Foul Play
By Chris Wisniewski

Casino Jack and the United States of Money
Dir. Alex Gibney, U.S., Magnolia Pictures

The thesis of the new documentary from Oscar winner Alex Gibney (Taxi to the Dark Side) should be clear from its title. Casino Jack and the United States of Money bills itself as a “story of what our democracy has become,” a sobering examination of the corrosive influence of money on American politics. Coming so soon after the controversial January 2010 Supreme Court decision in Citizens United v. the Federal Election Commission, which overturned a key provision of the McCain-Feingold act prohibiting corporate support of political broadcasts, Gibney’s film couldn’t be more timely. But Casino Jack proves more adept at diagnosing and describing a problem than it does at scrutinizing its origins or recommending coherent solutions.

Towards the beginning and end of his movie, Gibney incorporates footage from Mr. Smith Goes to Washington. The lofty idealism of James Stewart’s Mr. Smith strikes a pointed contrast with Casino Jack’s depiction of a cringe-worthy Tom DeLay arguing that money is an extension of free speech and therefore an essential element of democratic politics. However dispiriting our contemporary political reality may be, though, this makes for a somewhat flawed comparison, as Gibney perhaps realizes, since Mr. Smith espouses a political fantasy, an idea of what our democracy could be but never has been. Still, the rise and fall of “über-lobbyist” Jack Abramoff—Gibney’s titular “Casino Jack” and the central figure in this excoriating film—provides a useful case study in demonstrating just how dysfunctional our pay-to-play political system has become, and Gibney’s stringent denunciation of this dysfunction is his movie’s greatest virtue.

Casino Jack, far too long at nearly two hours, is at its best when focused on Abramoff, a figure too absurd and despicably villainous to be fictional. Structured around a series of loose, glibly titled episodes (e.g., “The Rainmaker,” “Trail of Tears”), the movie picks up with Abramoff as a young adult. It tells of his conversion to Orthodox Judaism, purportedly prompted by a screening of Fiddler on the Roof, and his emergence as a young Republican leader on the national stage in the mid-Eighties. Gibney charts the development of Abramoff’s anti-regulatory political ideology—the movie’s idée fixe—as he follows his hat-loving antihero from a boldly confrontational speech at the 1984 Republican National Convention through a misguided “freedom fighter” summit in Angola, and a brief foray into movie producing (complete with some guffaw-inducing scenes from the 1989 Dolph Lundgren vehicle Red Scorpion).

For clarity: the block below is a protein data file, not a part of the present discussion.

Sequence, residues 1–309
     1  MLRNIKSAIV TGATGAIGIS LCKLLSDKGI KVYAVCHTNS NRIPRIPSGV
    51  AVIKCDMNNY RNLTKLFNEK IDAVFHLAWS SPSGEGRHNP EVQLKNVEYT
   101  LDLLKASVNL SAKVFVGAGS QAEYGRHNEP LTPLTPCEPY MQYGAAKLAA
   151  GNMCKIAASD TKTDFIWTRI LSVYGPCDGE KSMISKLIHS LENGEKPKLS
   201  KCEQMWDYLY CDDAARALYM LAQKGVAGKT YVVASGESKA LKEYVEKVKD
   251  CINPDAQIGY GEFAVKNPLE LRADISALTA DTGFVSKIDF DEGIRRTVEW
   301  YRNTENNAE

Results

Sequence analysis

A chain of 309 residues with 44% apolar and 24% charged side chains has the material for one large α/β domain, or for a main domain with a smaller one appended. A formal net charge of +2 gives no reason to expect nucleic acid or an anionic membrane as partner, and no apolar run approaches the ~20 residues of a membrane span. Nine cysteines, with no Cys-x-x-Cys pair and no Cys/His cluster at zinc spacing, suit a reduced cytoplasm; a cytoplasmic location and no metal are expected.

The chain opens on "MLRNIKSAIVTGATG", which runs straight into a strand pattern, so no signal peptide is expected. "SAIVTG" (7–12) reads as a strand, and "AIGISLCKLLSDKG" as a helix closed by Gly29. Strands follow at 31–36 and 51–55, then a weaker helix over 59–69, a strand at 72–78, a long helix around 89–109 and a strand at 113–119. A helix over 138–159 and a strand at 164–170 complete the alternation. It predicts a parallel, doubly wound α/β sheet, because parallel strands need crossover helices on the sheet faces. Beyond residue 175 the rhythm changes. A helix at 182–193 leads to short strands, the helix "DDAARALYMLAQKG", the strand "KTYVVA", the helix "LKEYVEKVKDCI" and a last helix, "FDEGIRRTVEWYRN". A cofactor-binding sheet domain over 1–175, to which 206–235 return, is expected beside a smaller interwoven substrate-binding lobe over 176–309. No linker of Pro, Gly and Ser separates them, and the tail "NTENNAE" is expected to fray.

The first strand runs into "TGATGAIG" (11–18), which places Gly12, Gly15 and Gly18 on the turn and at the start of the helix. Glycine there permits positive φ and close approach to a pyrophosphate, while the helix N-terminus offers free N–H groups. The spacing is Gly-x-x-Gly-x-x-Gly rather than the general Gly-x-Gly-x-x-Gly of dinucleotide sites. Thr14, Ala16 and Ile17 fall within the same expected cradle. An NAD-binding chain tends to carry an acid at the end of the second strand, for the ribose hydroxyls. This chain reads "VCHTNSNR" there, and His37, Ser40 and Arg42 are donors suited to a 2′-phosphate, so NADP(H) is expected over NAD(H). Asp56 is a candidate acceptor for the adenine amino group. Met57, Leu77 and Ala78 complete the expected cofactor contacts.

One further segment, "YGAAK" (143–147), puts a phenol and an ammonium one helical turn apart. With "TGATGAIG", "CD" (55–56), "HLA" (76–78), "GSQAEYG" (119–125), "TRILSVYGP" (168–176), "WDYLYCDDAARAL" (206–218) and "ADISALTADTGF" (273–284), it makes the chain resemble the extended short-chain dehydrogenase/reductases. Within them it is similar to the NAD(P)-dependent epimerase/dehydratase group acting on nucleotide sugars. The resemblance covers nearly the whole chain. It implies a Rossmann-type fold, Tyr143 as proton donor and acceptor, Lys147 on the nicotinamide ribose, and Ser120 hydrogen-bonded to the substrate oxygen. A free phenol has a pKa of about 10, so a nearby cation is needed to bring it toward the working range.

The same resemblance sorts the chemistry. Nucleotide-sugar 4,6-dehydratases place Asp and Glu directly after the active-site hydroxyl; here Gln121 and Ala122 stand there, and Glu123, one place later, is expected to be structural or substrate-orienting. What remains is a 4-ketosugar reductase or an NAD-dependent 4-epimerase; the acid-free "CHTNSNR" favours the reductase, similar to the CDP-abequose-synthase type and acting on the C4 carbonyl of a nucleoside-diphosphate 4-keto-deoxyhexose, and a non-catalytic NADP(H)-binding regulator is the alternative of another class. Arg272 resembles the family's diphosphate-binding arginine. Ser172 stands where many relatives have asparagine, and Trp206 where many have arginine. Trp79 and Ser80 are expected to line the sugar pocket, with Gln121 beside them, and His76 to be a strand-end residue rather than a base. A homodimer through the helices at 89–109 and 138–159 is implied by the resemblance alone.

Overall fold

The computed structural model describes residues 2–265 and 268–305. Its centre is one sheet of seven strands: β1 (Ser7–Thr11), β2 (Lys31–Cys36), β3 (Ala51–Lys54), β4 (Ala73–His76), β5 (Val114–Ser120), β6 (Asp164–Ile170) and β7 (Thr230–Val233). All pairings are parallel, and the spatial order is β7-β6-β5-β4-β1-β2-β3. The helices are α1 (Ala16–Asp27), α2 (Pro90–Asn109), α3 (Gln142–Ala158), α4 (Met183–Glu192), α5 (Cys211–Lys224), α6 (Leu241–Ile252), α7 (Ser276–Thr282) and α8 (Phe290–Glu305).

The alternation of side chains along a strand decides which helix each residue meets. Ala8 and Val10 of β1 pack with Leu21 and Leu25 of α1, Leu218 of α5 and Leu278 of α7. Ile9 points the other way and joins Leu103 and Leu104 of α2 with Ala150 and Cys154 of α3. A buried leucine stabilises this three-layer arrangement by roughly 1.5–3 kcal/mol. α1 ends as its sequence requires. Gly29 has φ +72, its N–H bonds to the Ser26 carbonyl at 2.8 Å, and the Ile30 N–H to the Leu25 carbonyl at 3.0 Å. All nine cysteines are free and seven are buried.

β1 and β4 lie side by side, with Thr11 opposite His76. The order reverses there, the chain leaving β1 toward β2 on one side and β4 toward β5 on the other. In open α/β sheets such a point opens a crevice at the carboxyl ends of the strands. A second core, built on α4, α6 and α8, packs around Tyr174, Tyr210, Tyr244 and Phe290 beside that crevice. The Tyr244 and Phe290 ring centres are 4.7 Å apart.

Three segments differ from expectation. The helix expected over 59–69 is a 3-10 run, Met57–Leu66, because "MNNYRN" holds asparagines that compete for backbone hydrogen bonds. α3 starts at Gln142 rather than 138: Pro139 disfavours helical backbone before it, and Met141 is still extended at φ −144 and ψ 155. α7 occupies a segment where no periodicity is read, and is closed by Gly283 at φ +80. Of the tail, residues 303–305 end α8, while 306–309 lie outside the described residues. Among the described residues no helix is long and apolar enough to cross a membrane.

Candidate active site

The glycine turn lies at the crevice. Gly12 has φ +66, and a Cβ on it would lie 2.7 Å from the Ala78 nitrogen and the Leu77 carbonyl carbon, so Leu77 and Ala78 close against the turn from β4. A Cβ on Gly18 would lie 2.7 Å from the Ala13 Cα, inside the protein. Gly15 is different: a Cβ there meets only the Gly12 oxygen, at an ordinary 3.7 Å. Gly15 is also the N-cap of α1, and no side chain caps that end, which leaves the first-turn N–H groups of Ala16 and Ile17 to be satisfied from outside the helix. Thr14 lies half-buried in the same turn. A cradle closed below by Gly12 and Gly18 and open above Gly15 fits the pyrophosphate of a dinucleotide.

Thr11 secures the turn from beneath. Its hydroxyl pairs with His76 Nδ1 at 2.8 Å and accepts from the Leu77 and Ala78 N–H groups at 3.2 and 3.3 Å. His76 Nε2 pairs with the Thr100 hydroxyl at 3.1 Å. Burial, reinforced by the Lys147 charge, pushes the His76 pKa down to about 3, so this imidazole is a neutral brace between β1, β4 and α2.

Gibney then jumps to 1994 and the beginning of Abramoff’s career as a lobbyist, reconstructing his various dirty deeds through archival footage, interviews with the principals and relevant talking heads, and reenactments. Despite the film’s protracted length, it clips along at a brisk pace, and Gibney is clearly eager to entertain, overcompensating for his potentially dry subject matter with an assaultive array of directorial flourishes—a pop-rock heavy soundtrack featuring Bob Dylan, Metallica, Elvis Costello, and the Flaming Lips; jarring close-ups of gesturing hands during his talking-head interviews; and too-cute effects and transitions (a dollar bill dissolves to a close-up of Abramoff; a crucifix is superimposed on top of the face of a Christian leader). Late in the film, Gibney dramatizes a conspiratorial racquetball game between Abramoff and Michael Scanlon with staged footage of two faceless players hitting the ball back and forth while the text of emails exchanged between the two men flies across the screen and is also relayed through actors’ voiceovers. Too often, this tendency towards stylistic overkill distracts from the substantive issues raised by the film, and as a result, Casino Jack's busyness occasionally comes at the expense of its seriousness.

Though Casino Jack makes its case early and far too often, a few of the movie’s later episodes are, indeed, riveting, none more so than an extended sequence that traces the consequences of an unregulated labor market in Saipan. Abramoff’s team sold members of Congress on the arrangement with glamorous tropical vacations featuring extended golf outings. Meanwhile, horrendous labor practices just short of indentured servitude became rampant in its garment industry (congressman George Miller relays a particularly harrowing story about an impoverished factory worker who offered to sell him a kidney so that he could pay his debt off to his employers and go home). In this segment, as well as its depiction of Abramoff’s exploitation of his Native American clients, Gibney reveals the human cost of Abramoff’s mercenary lobbying practice.

But Gibney isn’t content to leave it at that. Instead, Casino Jack tries to make a system-wide indictment. For Gibney, Abramoff is just one example of the dangers of deregulation, and as he pushes towards his conclusion, he strains to connect “Casino Jack’s” self-serving, fraudulent business to the lobbying efforts banks made to avoid government regulation in the lead-up to the financial crisis. The connection is tenuous and fairly superficial, and in trying to make it, Gibney shoots himself in the foot: in an attempt to make Casino Jack more relevant, he ends the film on a false note.